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Providing evidence to improve practice

Individual study: Long-term heathland restoration on former grassland: The results of a 17-year experiment

Published source details

Pywell R.F., Meek W.R., Webb N.R., Putwain P.D. & Bullock J.M. (2011) Long-term heathland restoration on former grassland: The results of a 17-year experiment. Biological Conservation, 144, 1602-1609


This study is summarised as evidence for the intervention(s) shown on the right. The icon shows which synopsis it is relevant to.

Plant turf Shrubland and Heathland Conservation

A randomized, controlled study in 1988–2005 in a former heathland in Dorset, UK (Pywell et al. 2011) found that planting turf from intact heathland sites increased the cover of heathland species and forbs, and reduced grass cover. After 17 years, cover of heathland species and forbs was higher in plots where turf was planted (heathland: 100%; forbs: 92%) than in plots where it was not (heathland: 16%; forbs: 27%). Grass cover was lower in plots where turf was added (10%) than in plots where it was not (59%). In 1989 turves were excavated from a nearby mature heathland site. Topsoil of three 500 m2 plots was removed and turves planted, while in three plots no turves were planted. In 2005 the cover of plants was recorded in four 1 m2 quadrats which were randomly placed in each plot.

(Summarised by Phil Martin)

Add topsoil Shrubland and Heathland Conservation

A randomized, controlled study in 1988–2005 in former heathland in Dorset, UK (Pywell et al 2011) found that stripping soil followed by adding topsoil from a nearby heathland increased the cover of heathland species and forbs, and reduced the cover of grasses after 17 years. The cover of heathland species and forbs was higher in plots where topsoil was added (heathland: 82%, forbs: 87%) than in plots where it was not (heathland: 16%; forbs: 27%). Grass cover was lower in plots where topsoil was added (16%) than in plots where it was not (59%). In 1989 topsoil at a nearby mature heathland site was stripped to a depth of 5 cm. Topsoil of three 500 m2 plots was removed and heathland topsoil spread, while in three plots no topsoil was spread. In 2005 the cover of plants was recorded in four 1 m2 quadrats which were randomly placed in each plot.

(Summarised by Phil Martin)

Use herbicide to control grass Shrubland and Heathland Conservation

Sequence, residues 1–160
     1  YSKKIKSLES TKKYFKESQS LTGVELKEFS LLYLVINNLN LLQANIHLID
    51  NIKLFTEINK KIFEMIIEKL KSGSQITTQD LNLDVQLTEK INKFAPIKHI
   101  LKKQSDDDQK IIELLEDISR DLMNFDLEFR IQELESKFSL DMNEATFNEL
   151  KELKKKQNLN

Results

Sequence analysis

A randomized, controlled study in 1988–2005 in former heathland in Dorset, UK (Pywell et al. 2011) found that spraying grass with herbicide increased the cover of heathland species, but did not reduce the cover of grasses or forbs. After 17 years, the cover of heathland species was higher in plots sprayed with herbicide (45%) than in unsprayed plots (16%). There was no significant difference in the cover of grasses or forbs in plots sprayed with herbicide (grasses: 36%, forbs: 54%) and unsprayed plots (grasses: 59%, forbs: 27%). In 1989 glyphosate herbicide was sprayed on three 500 m2 plots and three plots were not sprayed with herbicide. In 2005 the cover of plants was recorded in four 1 m2 quadrats which were randomly placed in each plot.

(Summarised by Phil Martin)

Sow seeds Shrubland and Heathland Conservation

A randomized, controlled study in 1988–2005 in former heathland in Dorset, UK (Pywell et al. 2011) found that the addition of shoots and seeds from a nearby heathland increased the cover of heathland species, but did not reduce the cover of grasses or forbs. After 17 years, cover of heathland species was higher in plots where shoots and seeds were spread (44%) than in plots where they were not (16%). There was no significant difference in the cover of grasses or forbs in plots where shoots and seeds were spread (grasses: 36%, forbs: 54%) and plots where they were not (grasses: 59%, forbs: 27%). In 1989 shoots and seeds harvested from a nearby heathland were spread on three 500 m2 plots and three plots were seeded. In 2005 the cover of plants was recorded in four 1 m2 quadrats which were randomly placed in each plot.

(Summarised by Phil Martin)